Preparing for the hero introduction scene has apparently been a non-negotiable part of superstar masala movies. It’s a fan service thing. But, over the years, it has become a kind of ritual. No matter how maverick and rebellious the director is, he has to set up a series of events, build anticipation, and prepare the ground for the hero’s entrance. Just minutes before the entrance of the long-awaited hero, the movie will kick into full gear, providing the right cues for fans to prepare to welcome their favorite star with deafening applause, whistles and screams.
But director Nelson Dilipkumar has removed this must-have element in his latest film Beast, starring Tamil superstar Vijay. We meet our hero without any of the established rituals of hero worship. He appears on screen without much announcement and fanfare, and smiles at the audience for a moment. That’s it. It’s a huge subversion of the expectations of hardcore fans.
The creative decision is in line with the stoic nature of Veera Raghavan, played by Vijay. He’s so expressionless that strangers won’t be able to tell he’s suffering from traumatic stress just by looking at him. Nelson has cut the character of Veera Raghavan to the same pattern as Dr. Varun, the stoic hero of his last film as director, Doctor.
Veera Raghavan is a top RAW officer. However, the collateral damage caused by him during a high-profile mission takes a toll on her sanity. And he takes that loss very personally and believes that he has been betrayed by his men. So she leaves RAW. Call it good fortune for innocent bystanders or a stroke of bad luck for a terrorist group based in Pakistan, Veera unexpectedly ends up in a shopping mall, which she is hijacked from. His former classmates, sensing his presence at the mall, request his help. The government tells Veera that he is their best hope. But, his stoic nature protects him from flattery.
Also, unlike the heroes in other movies, let’s say Die Hard, Veera is not tasked with fighting the terrorists and rescuing all the hostages without even for a second thinking about her safety. After the terrorists take control of the mall, Veera escorts himself and some friends to safety and finds a safe place to hide. And then he tells his friends something like, “Let’s not worry about other people’s lives. It’s the government’s job to save these people. First let’s save ourselves and get out.”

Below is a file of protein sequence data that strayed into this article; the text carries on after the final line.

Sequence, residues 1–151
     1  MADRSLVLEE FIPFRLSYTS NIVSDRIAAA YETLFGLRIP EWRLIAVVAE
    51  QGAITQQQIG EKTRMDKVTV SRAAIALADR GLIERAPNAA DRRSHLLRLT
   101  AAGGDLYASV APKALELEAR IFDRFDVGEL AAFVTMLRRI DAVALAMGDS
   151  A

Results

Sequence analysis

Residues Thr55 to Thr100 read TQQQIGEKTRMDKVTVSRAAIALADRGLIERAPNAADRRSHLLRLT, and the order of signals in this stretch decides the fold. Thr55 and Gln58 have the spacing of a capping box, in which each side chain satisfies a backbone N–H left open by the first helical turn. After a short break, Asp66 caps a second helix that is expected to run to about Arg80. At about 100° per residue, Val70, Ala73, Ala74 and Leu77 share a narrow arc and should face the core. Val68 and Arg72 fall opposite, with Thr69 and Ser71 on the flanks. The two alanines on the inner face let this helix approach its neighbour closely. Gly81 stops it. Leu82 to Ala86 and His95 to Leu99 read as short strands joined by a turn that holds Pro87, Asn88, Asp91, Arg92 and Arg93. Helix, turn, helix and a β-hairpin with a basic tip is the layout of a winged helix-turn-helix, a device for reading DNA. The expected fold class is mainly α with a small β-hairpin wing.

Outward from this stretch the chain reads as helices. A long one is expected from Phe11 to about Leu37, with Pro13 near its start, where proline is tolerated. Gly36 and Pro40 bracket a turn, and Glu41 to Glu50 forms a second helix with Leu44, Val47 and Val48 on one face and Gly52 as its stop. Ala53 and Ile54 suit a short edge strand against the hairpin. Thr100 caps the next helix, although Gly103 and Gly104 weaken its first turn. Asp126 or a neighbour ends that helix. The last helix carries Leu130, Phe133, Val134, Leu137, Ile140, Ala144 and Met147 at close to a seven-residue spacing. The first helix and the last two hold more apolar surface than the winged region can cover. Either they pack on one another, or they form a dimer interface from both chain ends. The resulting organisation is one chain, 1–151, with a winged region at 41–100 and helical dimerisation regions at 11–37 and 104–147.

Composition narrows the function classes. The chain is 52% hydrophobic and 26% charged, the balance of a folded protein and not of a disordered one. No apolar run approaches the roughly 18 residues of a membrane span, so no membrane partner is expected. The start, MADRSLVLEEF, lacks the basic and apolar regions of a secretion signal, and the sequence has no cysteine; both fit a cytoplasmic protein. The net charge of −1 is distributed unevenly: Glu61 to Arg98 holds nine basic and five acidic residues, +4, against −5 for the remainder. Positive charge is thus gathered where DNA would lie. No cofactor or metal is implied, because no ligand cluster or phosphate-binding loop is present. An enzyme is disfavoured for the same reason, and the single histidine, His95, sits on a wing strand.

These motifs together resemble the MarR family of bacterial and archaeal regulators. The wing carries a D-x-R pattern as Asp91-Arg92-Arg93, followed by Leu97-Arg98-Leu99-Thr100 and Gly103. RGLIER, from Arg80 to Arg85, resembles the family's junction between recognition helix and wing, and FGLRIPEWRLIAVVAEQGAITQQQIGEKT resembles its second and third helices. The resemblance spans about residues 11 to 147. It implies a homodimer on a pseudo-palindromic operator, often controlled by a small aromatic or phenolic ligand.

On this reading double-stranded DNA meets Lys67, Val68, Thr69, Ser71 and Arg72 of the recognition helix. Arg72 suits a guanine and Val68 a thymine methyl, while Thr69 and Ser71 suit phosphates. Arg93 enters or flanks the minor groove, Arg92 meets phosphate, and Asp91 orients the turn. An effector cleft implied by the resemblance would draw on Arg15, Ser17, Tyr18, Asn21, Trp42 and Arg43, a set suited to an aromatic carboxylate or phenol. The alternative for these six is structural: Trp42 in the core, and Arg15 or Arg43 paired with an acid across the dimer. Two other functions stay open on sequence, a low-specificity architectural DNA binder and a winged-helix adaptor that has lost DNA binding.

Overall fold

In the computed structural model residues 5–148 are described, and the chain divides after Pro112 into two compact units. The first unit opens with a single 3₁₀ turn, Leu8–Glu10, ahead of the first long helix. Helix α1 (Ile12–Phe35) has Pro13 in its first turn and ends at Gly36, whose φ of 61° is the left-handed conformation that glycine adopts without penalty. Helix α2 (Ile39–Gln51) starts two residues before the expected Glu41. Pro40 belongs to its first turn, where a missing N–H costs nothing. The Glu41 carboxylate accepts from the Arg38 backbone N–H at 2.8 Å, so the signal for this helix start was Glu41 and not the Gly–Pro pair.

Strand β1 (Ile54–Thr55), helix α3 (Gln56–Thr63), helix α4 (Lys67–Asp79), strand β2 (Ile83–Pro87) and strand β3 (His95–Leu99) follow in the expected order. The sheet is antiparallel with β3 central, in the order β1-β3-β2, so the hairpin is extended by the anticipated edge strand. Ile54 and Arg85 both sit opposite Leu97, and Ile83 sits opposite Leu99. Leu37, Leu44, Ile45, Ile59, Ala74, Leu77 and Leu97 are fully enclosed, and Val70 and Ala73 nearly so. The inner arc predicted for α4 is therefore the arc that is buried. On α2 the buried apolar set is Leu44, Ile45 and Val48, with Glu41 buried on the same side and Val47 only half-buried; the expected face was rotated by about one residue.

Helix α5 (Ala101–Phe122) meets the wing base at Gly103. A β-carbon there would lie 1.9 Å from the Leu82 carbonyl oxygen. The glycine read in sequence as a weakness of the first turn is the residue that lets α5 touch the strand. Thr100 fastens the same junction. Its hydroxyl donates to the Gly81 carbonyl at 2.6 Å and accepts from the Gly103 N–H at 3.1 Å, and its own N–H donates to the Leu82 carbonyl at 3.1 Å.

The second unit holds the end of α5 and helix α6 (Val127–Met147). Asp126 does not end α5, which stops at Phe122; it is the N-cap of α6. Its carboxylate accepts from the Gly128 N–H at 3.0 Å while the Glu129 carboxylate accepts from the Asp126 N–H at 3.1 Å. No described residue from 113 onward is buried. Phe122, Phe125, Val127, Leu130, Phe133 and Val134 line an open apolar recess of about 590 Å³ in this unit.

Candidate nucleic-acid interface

Than?! He is the hero and the ultimate sign of a hero is sacrifice, isn’t it? This is where Nelson gets real and touches on a subject that is less talked about: responsibility. Veera doesn’t want to get involved in the matter because he doesn’t want any more deaths on his conscience. He doesn’t want to be in a position to decide who lives and who dies. It is too great a burden for one man to carry.
However, it is Veera’s own clear conscience that won’t allow her to sit back and let innocents die. After hearing a girl’s scream, Veera can no longer be idle. He knows it’s time for him to apply his skills, kill some bad guys and save some good people. “I’m a soldier. Not a politician,” Veera says at one point.
And when Veera leaves her security to confront the terrorists, time slows down. As Anirudh’s Beast Mode track plays in the background, Veera walks in slow motion with an ax in hand, giving fans a chance to go berserk, something Nelson had denied them in the film’s opening moments. .
Because Nelson makes big-star movies without the usual cliches, he seems to be creating a set of his own cliches. Take, for example, actors Redin Kingsley, Sunil Reddy, and Yogi Babu. It seems that this ensemble of actors is a must in a Nelson movie, even if they don’t serve the narrative apart from just being time fillers. Nelson forces these actors into the narrative to create comic relief. Sometimes it works, but this trick seems to wear off with every new movie.
Plus, Nelson could have used this plot setup to make it a nail-biting thriller. Instead, he provides us with unapologetic crowd pleaser and solid service for Vijay’s core fanbase.